State legislators tour hog farm, face critics
JASPER About two dozen state legislators concluded a two-day tour Wednesday of what have become the two of the most discussed features of Newton County in recent months: the Buffalo National River and C&H Hog Farms.
Tuesday, after a presentation on the Buffalo National River’s founding and history by Kevin Cheri and information about the river’s impact on tourism in the state by Department of Parks and Tourism Director Richard Davies, the lawmakers managed to float a portion of the river during a brief respite from the day’s rains. Wednesday, legislators heard from two area organic farmers before touring C&H Hog Farms, the large-scale concentrated animal-feeding operation in Mount Judea. After the tour, about a half-dozen of the legislators drove to the Ozark Cafe in Jasper for a late lunch sponsored by Cargill Inc. C&H Hog Farms is contracted to provide piglets for Cargill’s pork production operations.
Rep. Homer Lenderman, D-Brookland, said he was impressed by his tour of the farm.
“I was amazed at the air quality,” Lenderman said. “From 30 feet away, you could barely smell the hog operation. It looked to me that they had gone above and beyond the call as far as making sure they were in compliance with all current environmental regulations.”
As the legislators ate their meal in the Ozark Cafe, about 60 protesters stood on the lawn of the Newton County Courthouse, which sits directly across the street. Most were affiliated with the Buffalo River Watershed Alliance, which has publicly protested C&H Hog Farms and filed a notice of intent to sue the Farm Service Agency, which provided the environmental assessment for the farm site and helped guarantee the loan to build the facility.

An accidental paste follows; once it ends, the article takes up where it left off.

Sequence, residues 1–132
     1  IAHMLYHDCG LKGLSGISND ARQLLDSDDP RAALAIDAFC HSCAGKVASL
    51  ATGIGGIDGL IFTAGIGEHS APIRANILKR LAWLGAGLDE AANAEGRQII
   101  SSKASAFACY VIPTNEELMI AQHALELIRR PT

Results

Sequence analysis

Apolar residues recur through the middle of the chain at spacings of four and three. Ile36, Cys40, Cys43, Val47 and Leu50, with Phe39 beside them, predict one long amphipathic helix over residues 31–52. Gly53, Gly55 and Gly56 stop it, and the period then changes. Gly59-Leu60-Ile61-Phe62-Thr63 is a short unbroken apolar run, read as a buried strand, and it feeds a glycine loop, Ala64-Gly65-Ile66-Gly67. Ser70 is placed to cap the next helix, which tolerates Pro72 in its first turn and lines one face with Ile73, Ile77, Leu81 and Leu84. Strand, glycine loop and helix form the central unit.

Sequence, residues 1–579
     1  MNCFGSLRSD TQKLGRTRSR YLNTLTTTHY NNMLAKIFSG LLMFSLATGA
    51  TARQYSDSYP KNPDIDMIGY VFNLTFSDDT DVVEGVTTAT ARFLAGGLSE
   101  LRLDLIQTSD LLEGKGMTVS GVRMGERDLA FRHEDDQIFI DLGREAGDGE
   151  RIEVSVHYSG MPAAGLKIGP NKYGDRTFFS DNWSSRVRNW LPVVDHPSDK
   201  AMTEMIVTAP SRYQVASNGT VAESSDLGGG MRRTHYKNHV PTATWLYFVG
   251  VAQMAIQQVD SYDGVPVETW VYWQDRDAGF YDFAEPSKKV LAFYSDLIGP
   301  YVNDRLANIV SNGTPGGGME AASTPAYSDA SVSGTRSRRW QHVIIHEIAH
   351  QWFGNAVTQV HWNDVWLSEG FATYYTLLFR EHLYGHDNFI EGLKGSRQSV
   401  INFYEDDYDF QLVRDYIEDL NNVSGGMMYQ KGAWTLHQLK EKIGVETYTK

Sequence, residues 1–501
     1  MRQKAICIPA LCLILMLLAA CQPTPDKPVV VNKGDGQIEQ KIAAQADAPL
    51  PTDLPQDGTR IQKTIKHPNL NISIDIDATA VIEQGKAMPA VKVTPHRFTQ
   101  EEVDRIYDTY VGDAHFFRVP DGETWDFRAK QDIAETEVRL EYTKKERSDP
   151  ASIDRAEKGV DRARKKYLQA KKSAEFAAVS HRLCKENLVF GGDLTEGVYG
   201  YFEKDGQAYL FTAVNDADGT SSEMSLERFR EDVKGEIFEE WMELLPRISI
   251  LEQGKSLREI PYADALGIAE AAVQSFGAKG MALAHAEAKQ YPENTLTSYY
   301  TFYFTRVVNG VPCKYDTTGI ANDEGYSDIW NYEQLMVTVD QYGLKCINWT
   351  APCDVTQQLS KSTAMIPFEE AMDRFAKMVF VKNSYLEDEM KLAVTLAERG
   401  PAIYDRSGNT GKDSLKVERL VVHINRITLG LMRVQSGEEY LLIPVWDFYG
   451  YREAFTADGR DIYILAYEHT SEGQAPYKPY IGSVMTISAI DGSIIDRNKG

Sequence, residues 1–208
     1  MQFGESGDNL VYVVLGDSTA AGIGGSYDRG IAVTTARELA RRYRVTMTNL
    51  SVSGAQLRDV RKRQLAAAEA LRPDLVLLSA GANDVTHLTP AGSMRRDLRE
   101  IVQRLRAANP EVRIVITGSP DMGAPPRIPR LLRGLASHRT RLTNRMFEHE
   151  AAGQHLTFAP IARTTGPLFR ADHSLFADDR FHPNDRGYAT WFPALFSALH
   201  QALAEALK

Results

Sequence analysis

Much of the concern regarding the farm focused on fears that waste from the farm, which is permitted to house about 2,500 full-grown sows and as many as 4,000 piglets at one time, will pollute either the area’s groundwater through its karst geology, surface waters through runoff into nearby Big Creek, or both.
“If they’re monitoring the water quality like they’re supposed to do, I think this is an unfounded fear,” Lenderman said. “I think [the owners of C&H Hog Farms] will be good neighbors.”
As the legislators continued to eat Wednesday, members of the protest alliance gradually put away their signs and filtered into the Ozark Cafe to eat, in some cases sitting at adjacent tables from the politicians.
Gordon Watkins, an organizer with the Buffalo River Watershed Alliance and an organic farmer and rental-cabin owner in Parthenon, sat with other protesters in the cafe’s large secondary dining area, only feet away from Lenderman and the event’s organizer, Rep. David Branscum, R-Marshall.
Watkins said he found the mixture of events connected with the tour confusing.
“I’m not really clear what the goal was,” Watkins said. “If it was to expose members of the [Agricultural] Committee to the Buffalo River area, I didn’t see how the hog farm fit into that.”
Watkins also said that bringing in organic farmers to speak to the legislators might cause some lawmakers to conflate organic farming with the concentrated animal-feeding operation, an idea Watkins said is patently false.
Watkins said that although none of the legislators crossed the street to speak with him or any of his fellow protesters, he felt it was a good opportunity to let the lawmakers know that many of the state’s residents were concerned about the farm’s operation.
“We were here to let these folks know, loud and clear, that there are folks really concerned about the Buffalo River, and we think this hog farm is risky business,” Watkins said. “Not everybody thinks this is the greatest thing since a pocket on a shirt.”